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Senior Citizen's Guide to Cleveland

Why a Comprehensive Geriatric Assessment?

Elderly patients often present with numerous medical complaints, sometimes leading to under-diagnosis of some medical conditions and over-treatment of others. Many factors affect their well-being and quality of life, including social, psychological, environmental and physical conditions. Seniors require an individualized, interdisciplinary approach to address these complex factors. A Comprehensive Geriatric Assessment (CGA) team — a nurse, social worker and physician — evaluates an older person’s physical, psychological and cognitive health. The process identifies the effects of acute problems overlying chronic medical illnesses, mood disorders and cognitive deficits taking into account the psychological, emotional, social and environmental factors that may affect the patient’s independence, sense of well-being, and physical and mental health.

Family members, patients and other physicians may refer patients for CGA. Most often it is due to concerns about memory problems. However, geriatric assessments are also beneficial to older patients with multiple medical problems. The patient receives a complete physical assessment, medication review, testing and referrals as indicated. The team will also assess the patient’s home safety and ability to carry out the activities of daily living. A variety of screening tests are used to validate the assessment.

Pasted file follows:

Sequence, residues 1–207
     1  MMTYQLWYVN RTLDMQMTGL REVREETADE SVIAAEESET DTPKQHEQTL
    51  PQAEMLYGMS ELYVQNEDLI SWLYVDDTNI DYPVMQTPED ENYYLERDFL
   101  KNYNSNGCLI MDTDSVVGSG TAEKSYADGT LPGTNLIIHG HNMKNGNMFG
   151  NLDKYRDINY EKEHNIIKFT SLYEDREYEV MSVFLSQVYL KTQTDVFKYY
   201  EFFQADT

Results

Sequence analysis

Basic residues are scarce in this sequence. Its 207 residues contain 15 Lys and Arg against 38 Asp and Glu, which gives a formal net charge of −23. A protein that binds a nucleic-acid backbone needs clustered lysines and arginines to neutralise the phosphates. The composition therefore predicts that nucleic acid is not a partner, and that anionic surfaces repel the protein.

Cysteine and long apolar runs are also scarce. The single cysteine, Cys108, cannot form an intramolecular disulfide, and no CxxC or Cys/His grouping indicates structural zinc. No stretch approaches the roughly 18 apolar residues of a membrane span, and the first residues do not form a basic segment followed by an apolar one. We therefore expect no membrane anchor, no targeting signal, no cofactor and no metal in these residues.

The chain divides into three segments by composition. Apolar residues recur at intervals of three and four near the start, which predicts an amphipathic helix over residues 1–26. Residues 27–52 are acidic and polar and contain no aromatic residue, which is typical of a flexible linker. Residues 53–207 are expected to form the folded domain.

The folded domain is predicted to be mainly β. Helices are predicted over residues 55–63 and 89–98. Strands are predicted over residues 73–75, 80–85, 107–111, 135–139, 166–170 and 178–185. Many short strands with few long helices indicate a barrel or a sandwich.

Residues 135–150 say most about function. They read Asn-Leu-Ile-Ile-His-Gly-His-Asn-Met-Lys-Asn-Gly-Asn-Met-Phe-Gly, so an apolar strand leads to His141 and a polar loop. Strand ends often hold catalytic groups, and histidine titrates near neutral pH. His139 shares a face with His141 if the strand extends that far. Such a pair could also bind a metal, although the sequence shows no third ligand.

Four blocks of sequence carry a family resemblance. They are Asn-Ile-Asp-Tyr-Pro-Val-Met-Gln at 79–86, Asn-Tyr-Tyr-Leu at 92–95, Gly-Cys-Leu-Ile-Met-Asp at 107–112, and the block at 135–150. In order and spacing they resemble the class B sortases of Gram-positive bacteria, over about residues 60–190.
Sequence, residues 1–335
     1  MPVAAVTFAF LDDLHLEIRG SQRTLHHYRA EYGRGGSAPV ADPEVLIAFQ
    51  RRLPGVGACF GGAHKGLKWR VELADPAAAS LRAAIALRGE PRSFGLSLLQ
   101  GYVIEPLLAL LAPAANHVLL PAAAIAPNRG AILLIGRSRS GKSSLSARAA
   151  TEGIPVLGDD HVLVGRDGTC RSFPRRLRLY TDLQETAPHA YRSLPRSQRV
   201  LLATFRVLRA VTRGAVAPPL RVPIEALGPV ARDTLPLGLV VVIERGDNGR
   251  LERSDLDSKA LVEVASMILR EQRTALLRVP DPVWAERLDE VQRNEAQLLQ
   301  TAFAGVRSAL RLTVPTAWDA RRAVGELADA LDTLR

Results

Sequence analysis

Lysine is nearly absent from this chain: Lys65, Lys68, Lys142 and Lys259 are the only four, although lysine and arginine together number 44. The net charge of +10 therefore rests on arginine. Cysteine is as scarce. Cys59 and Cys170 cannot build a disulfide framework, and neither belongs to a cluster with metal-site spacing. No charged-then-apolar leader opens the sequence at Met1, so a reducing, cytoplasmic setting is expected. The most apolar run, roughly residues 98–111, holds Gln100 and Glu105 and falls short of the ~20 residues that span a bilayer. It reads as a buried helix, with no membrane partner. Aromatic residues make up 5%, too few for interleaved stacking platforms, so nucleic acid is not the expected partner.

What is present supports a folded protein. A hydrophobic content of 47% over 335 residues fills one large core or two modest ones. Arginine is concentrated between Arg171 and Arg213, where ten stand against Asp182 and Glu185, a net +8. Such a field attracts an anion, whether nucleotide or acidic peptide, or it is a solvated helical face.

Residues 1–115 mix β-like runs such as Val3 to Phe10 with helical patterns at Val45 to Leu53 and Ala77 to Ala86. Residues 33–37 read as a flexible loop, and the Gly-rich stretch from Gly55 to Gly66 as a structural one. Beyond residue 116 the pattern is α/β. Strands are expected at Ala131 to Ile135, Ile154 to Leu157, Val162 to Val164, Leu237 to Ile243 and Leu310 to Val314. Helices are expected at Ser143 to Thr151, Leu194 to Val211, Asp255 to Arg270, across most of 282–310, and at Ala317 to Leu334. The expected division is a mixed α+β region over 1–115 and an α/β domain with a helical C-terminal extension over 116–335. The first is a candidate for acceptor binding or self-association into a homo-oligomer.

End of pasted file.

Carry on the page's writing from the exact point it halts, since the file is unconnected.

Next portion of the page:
Numerous challenges present when assessing someone for cognitive decline, including subtle early signs and difficulty establishing a time-line of cognitive changes, family dynamics, family members’ respect for patient autonomy and often emotional factors related to a loved one’s loss of function.

The primary goal of a comprehensive geriatric assessment is to improve patient functioning and quality of life by 1) identifying reversible problems (i.e. polypharmacy, vitamin deficiencies, deconditioning); 2) emphasizing ways to improve or maintain health; and 3) establishing a diagnosis, often for memory loss, to help patients and families develop a course of action to slow health decline and make appropriate plans with a strong emphasis on safety and increasing social and physical activity.

During a Summary Conference — the second part of the CGA, which is held about one month after the initial assessment — the interdisciplinary team helps patients and families establish a plan of care by reviewing the initial assessment, establishing diagnoses and providing recommendations. Families and patients receive the opportunity to ask questions regarding diagnosis, prognosis, treatment and care options. The team will provide referrals, as needed, for counseling, legal issues, and financial matters.

Today’s older adults can reasonably expect to remain active and independent longer than past generations. Comprehensive Geriatric Assessment attempts to redirect focus away from debilitation and toward the health, well-being and safety of older individuals.

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